KeyoCoin’s advisory team now features Rick Savage, Head of Social Media for Apple Music, Beats 1 & iTunes; Federico Pistono, Head of Blockchain for Hyperloop; Layla Revis, VP at Oracle; Tamara Camp, VP of Global CEM, Growth & Loyalty Programs at Western Union; Sheri Kaiserman, Co-Founder of Maco.la and former Head of Equities at Wedbush; and Marat Gaziev, SEO Director at IGN and Ziff Davis.

How it all started. My 1982 ZX Spectrum 48k

The company says it is here to’gamify’ the travel experience, and is tokenized! I am a massively experienced traveler, and a financial technology professional. I do not want my travel ‘gamified’ (binary options, casinos, ponzi schemes, anyone?) and I do not want it tokenized – remember the airline ticket ponzi schemes of the 1980s in which travel agencies took money for tickets that did not exist? Imagine saying you want to ‘gamify’ electronic trading. That would be absurd, wouldn’t it… Oh wait a minute….

Financial regulators are quite rightly clamping down on this type of pseudo-product, but what about much larger industries such as travel?

Whatever next? Oh I know, someone will laud this as brilliant, and look at retail FX and CFD brokers product ranges and curtail them. We live in a topsy-turvy world.

Until it goes wrong. Temptation is a dreadful trait of human nature which is best avoided.

Thursday: Let’s celebrate the post-Crapper generation

Another year has gone by and I have increased in age by another number, plunging me well and truly into the Alan Partridge-esque mid 40s category.

Does this mean that I have to start showing some appreciation for beige as a color of choice from everything ranging from emulsion paint to automotive exteriors?

Not really. What I can say is that when looking at my generation, which represents the majority of us give or take a few years in either direction, we have a lot to be proud of.

Arrival from Eastern Europe: Late 1950s.

Between the 1900s and 1940s, not much changed, yet that was the era of mass invention. Queen Victoria’s red brick terraces and waxed moustachioed uprightness came to an abrupt end and was replaced with, well, red brick terraces and waxed moustachioed uprightness that invented everything from the telephone to worldwide travel, yet remained culturally and technologically very similar over the four decades of mass European emigration to the United States and pioneering breakthroughs in technology that were so gargantuan that everything in your living room can trace its origins to the post-Victorian period, albeit today’s very modern versions of such.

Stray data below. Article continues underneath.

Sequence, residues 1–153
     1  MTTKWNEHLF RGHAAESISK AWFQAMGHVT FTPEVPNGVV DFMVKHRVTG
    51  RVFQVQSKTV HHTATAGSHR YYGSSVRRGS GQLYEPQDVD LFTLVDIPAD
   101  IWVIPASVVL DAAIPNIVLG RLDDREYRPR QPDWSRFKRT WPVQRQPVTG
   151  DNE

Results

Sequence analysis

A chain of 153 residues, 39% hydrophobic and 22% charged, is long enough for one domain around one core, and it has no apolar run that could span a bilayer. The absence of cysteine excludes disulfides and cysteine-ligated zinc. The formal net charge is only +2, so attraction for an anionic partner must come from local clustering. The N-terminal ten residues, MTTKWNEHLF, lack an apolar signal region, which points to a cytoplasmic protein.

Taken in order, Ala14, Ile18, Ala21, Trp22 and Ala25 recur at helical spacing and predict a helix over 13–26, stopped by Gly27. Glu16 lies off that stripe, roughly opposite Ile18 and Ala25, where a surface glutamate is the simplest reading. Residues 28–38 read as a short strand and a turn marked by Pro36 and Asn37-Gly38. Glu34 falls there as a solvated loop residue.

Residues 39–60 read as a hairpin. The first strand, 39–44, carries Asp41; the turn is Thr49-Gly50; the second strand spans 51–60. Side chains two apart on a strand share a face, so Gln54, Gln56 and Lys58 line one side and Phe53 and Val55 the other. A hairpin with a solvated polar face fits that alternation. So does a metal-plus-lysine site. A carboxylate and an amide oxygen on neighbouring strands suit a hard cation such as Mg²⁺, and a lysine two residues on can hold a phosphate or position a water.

Whilst Thomas Crapper’s newly patented WC began to take its place within new homes, and electric comptometers began to proliferate offices, most people’s every day lives remained the same. Beige.

Look at our generation. In the childhood years of most people who are now leaders of this industry, there was no such profession as a software engineer when we were all born. There was no such thing as the internet, and there was no such global environment that exists today.

School runs were either on foot, on a hand-me-down bicycle or in a bright orange Austin Allegro with a vinyl roof or an equally bright orange AMC Rambler with an equally vinyl roof depending on which side of the at the time very difficult to cross Atlantic which is now the size of a metaphorical swimming pool to those who spend their working lives traveling routinely and thinking nothing of it.

Our clothing, personal accouterments, houses, dining experience, shopping methods, culinary appreciation, schooling, transport, and our overall outlook and mentality does not even resemble that of our own childhood.

Child of the 1970s and teenager of the 1980s.

We are the fortunate generation who were teenagers at the time during which a massive development period occurred, propelling us into careers that embodied an entire global change.

27 years ago, I began my career in this industry sector. It did not resemble anything that we see today, however it was absolutely a career beginning that someone sixteen years my senior (I was sixteen years old at the time) would have never been offered, as it did not exist.

Meanwhile where are my coupons for senior citizen discounts at Denny’s? When I find them, I will get into my self-driving car and scour Spotify’s automated playlists which knows my music preference whilst the car conveys me.

Roll on the next four and a half decades.

Friday. 2 minutes on the Northern Line, or a flight to Stockholm?

Just when you thought, exactly as I did, that it was not possible, I clicked on the offer for a £9 flight from Brussels to Stockholm and was subsequently provided with a ticket. Thus, air travel is now not only cheaper than the excellent but very expensive trains, but its cheaper than a local bus or a return London Underground journey to the next station just 2 minutes along the line and back.

Rare, but possible. Now let’s see more FX industry in Sweden. Watch this space.

Wishing you all a super week ahead!